How data privacy laws will change in 2023
13 Jan 2023
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A Quick and Easy Guide to the New Privacy Laws and How to Stay On Top of Them
If there’s one characteristic that defines the realm of data privacy, it’s changing. With digital technologies expanding in their scope and capabilities worldwide, the laws needed to help protect customer data are continually evolving in a bid to keep up.
Data privacy laws may have started out as a way to help secure high-risk activities such as banking and healthcare, but they now cover everything from day-to-day shopping to streaming services. While that’s undoubtedly a positive thing for customers, when it comes to the businesses serving these customers, staying data-compliant can get very tricky, very quickly.
Complicating things further is the fact that data privacy laws differ depending on the territory you’re operating in. With failure to apply the correct privacy laws leading to possible fines, lawsuits, and even the closure of websites in certain territories, it’s crucial that businesses stay on top of their data privacy requirements.
To help keep you ahead of the curve, we’re going to take a look at some of the more important privacy changes that are coming into effect in 2023.
Overall Changes to Data Privacy
Before we look at specific changes by territory, let’s take a look at how the general data privacy climate is changing.
- Enhanced Complexity
Over the short- to medium-term, data privacy isn’t going to get any simpler or more uniform. With new laws and structural changes continuing to complicate the landscape, businesses will need to adopt an increasingly dynamic and forward-thinking approach in order to remain compliant. While privacy laws will ultimately evolve into a more consistent and predictable framework, you’d be best advised not to hold your breath for that.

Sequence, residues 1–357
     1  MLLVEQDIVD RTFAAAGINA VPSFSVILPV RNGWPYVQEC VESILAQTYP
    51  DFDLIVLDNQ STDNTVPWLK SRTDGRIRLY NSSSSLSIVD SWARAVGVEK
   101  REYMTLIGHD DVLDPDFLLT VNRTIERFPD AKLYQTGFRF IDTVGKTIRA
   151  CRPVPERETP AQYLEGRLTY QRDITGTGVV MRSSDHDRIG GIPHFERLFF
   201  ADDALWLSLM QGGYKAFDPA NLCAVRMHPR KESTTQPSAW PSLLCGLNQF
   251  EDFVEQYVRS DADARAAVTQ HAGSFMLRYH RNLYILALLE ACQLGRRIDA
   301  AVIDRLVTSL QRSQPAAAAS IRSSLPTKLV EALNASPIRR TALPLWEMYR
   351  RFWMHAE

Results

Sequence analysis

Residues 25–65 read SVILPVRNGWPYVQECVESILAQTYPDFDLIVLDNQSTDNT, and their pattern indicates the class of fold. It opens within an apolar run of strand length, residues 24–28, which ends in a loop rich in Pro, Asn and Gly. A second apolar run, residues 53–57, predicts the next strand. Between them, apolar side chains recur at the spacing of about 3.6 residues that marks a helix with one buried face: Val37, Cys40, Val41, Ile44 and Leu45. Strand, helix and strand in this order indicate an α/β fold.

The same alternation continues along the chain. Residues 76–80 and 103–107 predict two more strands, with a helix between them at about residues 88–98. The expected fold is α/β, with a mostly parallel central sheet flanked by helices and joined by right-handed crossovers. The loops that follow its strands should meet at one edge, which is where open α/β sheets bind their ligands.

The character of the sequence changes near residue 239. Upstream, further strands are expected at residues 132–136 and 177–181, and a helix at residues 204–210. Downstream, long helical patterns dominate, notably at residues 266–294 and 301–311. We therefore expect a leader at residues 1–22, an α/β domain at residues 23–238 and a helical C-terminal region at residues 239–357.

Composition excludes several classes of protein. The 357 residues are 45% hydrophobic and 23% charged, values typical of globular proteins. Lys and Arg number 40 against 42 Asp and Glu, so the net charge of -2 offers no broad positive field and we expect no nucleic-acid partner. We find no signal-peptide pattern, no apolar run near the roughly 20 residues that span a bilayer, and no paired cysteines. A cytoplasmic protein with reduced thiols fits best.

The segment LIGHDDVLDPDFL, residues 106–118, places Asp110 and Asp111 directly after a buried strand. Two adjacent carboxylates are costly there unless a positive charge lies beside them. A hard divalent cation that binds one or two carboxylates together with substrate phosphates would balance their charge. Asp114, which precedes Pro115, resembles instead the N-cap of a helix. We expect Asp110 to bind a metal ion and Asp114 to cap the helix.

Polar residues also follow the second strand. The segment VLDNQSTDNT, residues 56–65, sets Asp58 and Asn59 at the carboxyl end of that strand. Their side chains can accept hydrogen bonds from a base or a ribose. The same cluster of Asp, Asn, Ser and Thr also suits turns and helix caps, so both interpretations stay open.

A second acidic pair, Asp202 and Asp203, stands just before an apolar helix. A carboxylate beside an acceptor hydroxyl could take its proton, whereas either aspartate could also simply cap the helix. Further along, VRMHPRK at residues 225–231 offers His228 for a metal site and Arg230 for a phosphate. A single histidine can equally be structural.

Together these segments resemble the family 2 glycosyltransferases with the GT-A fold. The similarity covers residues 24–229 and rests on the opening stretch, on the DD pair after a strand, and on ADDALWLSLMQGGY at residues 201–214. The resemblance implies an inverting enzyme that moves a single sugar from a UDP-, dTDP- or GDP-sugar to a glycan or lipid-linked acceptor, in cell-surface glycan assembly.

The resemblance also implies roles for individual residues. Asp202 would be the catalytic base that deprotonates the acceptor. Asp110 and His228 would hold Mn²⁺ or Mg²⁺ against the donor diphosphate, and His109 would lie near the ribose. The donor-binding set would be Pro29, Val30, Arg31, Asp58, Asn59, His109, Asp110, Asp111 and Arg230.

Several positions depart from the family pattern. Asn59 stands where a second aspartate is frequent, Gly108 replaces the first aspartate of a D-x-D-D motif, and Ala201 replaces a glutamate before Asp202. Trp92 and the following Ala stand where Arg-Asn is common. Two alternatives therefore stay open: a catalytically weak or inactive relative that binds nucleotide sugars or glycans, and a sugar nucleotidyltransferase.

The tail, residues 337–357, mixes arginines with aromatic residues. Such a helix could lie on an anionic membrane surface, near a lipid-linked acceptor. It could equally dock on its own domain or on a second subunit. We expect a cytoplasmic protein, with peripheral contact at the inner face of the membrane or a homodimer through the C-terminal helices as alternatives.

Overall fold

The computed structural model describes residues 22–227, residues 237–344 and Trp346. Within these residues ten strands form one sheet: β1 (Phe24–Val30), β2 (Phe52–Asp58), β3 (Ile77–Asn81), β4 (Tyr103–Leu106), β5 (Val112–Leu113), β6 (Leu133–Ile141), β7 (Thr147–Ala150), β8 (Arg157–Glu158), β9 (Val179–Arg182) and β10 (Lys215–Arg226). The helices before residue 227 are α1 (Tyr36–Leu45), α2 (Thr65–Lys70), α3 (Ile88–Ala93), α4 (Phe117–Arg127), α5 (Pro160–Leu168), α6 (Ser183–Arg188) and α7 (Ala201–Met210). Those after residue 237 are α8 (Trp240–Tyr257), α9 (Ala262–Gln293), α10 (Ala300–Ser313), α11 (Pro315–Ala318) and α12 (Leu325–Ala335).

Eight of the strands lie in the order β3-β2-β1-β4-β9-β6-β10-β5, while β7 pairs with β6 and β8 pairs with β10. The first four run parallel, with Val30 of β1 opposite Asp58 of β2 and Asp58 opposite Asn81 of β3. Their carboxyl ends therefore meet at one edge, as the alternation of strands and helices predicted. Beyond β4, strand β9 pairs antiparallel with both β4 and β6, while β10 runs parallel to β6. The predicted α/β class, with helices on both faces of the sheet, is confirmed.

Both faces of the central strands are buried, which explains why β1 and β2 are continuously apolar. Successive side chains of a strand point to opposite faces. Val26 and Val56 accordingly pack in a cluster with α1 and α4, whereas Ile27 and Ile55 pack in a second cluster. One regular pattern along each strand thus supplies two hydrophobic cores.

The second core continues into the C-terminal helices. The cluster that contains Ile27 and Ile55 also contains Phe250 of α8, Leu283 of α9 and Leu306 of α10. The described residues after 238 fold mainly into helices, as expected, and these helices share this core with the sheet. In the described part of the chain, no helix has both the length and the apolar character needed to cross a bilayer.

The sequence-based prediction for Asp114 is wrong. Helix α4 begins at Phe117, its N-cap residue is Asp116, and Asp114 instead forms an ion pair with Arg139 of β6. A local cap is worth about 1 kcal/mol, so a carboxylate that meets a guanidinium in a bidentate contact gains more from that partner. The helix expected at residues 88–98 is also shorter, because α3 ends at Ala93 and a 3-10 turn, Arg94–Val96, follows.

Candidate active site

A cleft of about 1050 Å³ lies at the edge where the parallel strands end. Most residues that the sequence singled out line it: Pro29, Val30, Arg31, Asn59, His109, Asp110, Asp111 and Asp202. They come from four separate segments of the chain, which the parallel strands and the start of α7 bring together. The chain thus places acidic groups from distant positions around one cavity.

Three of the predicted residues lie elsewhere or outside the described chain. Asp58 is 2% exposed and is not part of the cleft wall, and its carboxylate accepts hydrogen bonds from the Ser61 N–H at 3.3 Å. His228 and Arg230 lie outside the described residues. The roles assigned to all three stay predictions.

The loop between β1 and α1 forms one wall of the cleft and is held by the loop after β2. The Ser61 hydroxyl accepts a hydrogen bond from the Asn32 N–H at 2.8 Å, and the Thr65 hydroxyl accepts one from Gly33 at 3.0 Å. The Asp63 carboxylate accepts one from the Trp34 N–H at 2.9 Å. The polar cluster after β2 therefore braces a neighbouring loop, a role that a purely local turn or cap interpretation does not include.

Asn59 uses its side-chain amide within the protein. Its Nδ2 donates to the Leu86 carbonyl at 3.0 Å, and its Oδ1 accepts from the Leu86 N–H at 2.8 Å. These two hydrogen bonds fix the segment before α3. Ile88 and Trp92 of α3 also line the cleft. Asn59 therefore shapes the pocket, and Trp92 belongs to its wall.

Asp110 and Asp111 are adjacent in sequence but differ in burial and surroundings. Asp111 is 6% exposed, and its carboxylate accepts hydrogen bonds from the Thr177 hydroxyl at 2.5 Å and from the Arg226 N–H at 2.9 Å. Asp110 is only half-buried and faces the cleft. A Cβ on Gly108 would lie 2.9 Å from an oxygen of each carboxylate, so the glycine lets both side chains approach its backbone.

- Increased Customer Awareness
Data privacy issues have firmly entered the mainstream consumer consciousness and will only become more embedded as a concern. With data breaches making news headlines on a regular basis, companies that wish to compete effectively will need to prioritize establishing and maintaining customer trust.
Bearing in mind these overarching trends, let's take a look at some of the more important details that lie within them.
Changes to US Data Privacy Laws
To date, the US federal government has been largely unsuccessful in legislating nationwide privacy laws. Needless to say, US states – and the businesses that operate within them – would much prefer to adhere to a single set of federal privacy laws. However, in the absence of these laws, states are introducing their own individual privacy protections, even if that proves to be a procedural nightmare.
A few of the more critical state-centric protection laws coming into effect in 2023 include:
- California Privacy Rights Act (CPRA)